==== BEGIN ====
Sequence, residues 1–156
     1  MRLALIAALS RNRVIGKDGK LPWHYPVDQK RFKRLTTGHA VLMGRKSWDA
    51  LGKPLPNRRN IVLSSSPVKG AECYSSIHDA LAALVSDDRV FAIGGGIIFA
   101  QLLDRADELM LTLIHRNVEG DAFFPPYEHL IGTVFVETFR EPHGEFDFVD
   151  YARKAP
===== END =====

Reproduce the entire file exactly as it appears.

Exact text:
Sequence, residues 1–156
     1  MRLALIAALS RNRVIGKDGK LPWHYPVDQK RFKRLTTGHA VLMGRKSWDA
    51  LGKPLPNRRN IVLSSSPVKG AECYSSIHDA LAALVSDDRV FAIGGGIIFA
   101  QLLDRADELM LTLIHRNVEG DAFFPPYEHL IGTVFVETFR EPHGEFDFVD
   151  YARKAP